The Outlaw and the Pocket Watch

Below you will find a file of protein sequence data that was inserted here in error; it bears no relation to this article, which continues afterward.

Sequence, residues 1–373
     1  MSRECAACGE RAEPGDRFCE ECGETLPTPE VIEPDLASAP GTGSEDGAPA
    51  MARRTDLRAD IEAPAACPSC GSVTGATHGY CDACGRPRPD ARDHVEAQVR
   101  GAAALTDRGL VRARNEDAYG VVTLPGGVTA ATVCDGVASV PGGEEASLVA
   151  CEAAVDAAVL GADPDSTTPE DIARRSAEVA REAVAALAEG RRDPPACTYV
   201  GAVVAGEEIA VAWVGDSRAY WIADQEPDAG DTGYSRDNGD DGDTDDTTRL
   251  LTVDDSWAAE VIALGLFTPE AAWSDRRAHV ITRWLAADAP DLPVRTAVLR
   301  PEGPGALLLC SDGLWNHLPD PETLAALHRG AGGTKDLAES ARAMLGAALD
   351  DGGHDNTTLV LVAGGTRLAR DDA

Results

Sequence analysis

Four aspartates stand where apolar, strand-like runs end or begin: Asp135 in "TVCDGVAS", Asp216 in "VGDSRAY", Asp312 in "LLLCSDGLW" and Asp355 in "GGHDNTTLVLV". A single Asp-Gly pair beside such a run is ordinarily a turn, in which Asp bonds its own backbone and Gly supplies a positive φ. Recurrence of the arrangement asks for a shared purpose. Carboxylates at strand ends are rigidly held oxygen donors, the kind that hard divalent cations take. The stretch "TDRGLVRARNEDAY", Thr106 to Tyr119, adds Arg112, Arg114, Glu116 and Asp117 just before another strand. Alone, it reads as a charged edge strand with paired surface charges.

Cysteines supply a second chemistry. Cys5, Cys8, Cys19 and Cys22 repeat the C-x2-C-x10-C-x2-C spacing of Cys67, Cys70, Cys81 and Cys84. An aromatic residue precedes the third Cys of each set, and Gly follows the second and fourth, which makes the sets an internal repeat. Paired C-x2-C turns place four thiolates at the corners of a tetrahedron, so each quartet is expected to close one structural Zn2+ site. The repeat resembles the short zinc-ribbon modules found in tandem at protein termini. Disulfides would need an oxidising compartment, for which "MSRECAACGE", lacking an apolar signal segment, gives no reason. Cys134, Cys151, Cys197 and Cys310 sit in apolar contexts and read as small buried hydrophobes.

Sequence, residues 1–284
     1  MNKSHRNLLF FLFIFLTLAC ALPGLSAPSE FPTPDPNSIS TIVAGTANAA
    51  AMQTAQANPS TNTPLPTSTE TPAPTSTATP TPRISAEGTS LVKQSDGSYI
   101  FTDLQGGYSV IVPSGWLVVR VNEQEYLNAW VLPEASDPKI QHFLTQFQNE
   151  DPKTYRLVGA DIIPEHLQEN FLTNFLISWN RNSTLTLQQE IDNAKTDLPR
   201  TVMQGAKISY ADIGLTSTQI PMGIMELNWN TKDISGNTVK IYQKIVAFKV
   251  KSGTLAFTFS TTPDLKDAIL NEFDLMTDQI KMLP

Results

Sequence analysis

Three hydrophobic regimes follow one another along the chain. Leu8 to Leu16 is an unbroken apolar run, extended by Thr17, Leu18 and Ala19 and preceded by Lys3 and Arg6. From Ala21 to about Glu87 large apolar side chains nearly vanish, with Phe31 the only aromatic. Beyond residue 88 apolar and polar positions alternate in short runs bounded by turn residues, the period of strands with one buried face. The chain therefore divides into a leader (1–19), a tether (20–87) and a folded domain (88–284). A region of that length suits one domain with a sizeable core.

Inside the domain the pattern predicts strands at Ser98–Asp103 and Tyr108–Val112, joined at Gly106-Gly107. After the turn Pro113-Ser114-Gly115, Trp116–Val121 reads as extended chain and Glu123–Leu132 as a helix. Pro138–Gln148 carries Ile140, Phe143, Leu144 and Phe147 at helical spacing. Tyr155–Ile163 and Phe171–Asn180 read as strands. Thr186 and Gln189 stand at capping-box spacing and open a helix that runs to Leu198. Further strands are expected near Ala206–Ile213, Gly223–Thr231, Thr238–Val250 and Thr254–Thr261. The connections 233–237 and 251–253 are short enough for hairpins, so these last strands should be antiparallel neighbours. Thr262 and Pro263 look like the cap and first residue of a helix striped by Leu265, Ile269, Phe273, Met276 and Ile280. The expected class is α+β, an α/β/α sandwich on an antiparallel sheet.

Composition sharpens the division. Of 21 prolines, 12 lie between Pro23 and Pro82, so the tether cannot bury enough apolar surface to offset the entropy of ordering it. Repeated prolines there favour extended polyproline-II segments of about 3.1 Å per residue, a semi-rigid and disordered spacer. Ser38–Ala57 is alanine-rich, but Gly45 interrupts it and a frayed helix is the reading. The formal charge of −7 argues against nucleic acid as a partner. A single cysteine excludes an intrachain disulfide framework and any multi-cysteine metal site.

The Outlaw and the Pocket Watch, is a story of a Basque immigrant's adventures in America. Escaping the tyranny of the Spanish Government, he takes on a sheepherding contract in the mountains of Nevada and eventually brings his bride from Spain to raise a family by ranching sheep. Despite starting from nothing, and the always present prejudice that existed between the cattlemen and the sheep industry of the times, through Basque determination, he flourishes. It is a story of a young man coming of age, his first love and the concerns of both sets of parents, greater now, because the boy's family is in the sheep industry and the girl's in the cattle business. It is a story of an old Missourian outlaw, scared and callused by war, who years before, because of mistaken identity, was given another chance. It becomes his life quest to "set-the-scales-right." The characters are as varied as the nocturnal inhabitants of the Nevada desert and are as colorful as the sunset on the Great Basin. The story has more twists than the root system of the Bristlecone Pine. Far from the formulaic "quickest-gun-in-the-west" tale, The Outlaw and the Pocket Watch is a portrait of hard working and hard-fighting pioneers by a man who has lived in the hills.